Baseline, upside and downside scenarios for European convention community
The baseline scenario assumes that all planned events scheduled between March and August are cancelled across Europe, with some recovery in September and October seeing up to 75% of all planned events within a given month going ahead and full recovery by November. Altogether, total event visits in Europe are expected to fall by 58% in 2020. Under the baseline model, some lingering negative sentiment effects are anticipated for both domestic and international event participation, which would result in a reduction in average attendance in 2021 and 2022 of 25% and 5% respectively, before fully recovering in 2023.
The upside and downside scenarios provide two alternative forecasts, indicating that business convention tourism will fall between 36% and 77% in 2020 with a sharp recovery under the upside and a more prolonged one under the downside scenario. The latter assumes, for example, that in September and October only 25% of all planned events are completed, with up to 75% taking place for the remainder of the year within a given month. It also foresees continued government restrictions on the size of gatherings in 2021 and a stronger impact of negative sentiment amongst potential attendees, which will ultimately not see full recovery before 2024. The upside scenario, on the other hand, works with the assumption that the crisis is brought under control in the next few months and expects a recovery beginning in June, with 25% of all planned events going ahead, increasing to 75% in August and all planned events being completed from September onwards.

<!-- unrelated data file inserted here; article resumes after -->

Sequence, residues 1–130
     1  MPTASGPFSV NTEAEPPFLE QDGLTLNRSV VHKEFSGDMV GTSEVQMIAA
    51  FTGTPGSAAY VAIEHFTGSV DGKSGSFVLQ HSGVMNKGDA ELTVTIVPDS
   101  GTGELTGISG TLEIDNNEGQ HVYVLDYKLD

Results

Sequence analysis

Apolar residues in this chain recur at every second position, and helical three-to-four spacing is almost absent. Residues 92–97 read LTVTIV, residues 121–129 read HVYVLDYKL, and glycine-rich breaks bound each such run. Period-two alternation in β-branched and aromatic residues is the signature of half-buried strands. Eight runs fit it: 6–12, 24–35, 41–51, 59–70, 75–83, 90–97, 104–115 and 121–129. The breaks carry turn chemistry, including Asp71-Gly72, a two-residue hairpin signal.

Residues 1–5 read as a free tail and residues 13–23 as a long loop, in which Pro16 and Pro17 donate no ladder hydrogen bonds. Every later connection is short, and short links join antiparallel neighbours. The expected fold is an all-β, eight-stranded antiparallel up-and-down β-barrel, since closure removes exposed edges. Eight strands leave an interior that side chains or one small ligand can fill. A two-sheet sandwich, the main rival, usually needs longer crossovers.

Factors driving the impact of coronavirus crisis
In developing the three scenarios, the study considered the actions that governments, businesses and individuals take to curb the outbreak as they primarily influence how the coronavirus impacts the meetings and conference industry. Three factors in particular are driving the impact and were taken into account for the analysis: (1) event cancellations or delays implemented voluntarily by organisers or in response to government restrictions on crowd gatherings, (2) official travel restrictions, be it government- or corporate-side, and (3) individual risk aversion that might lead to potential attendees cancel their attendance.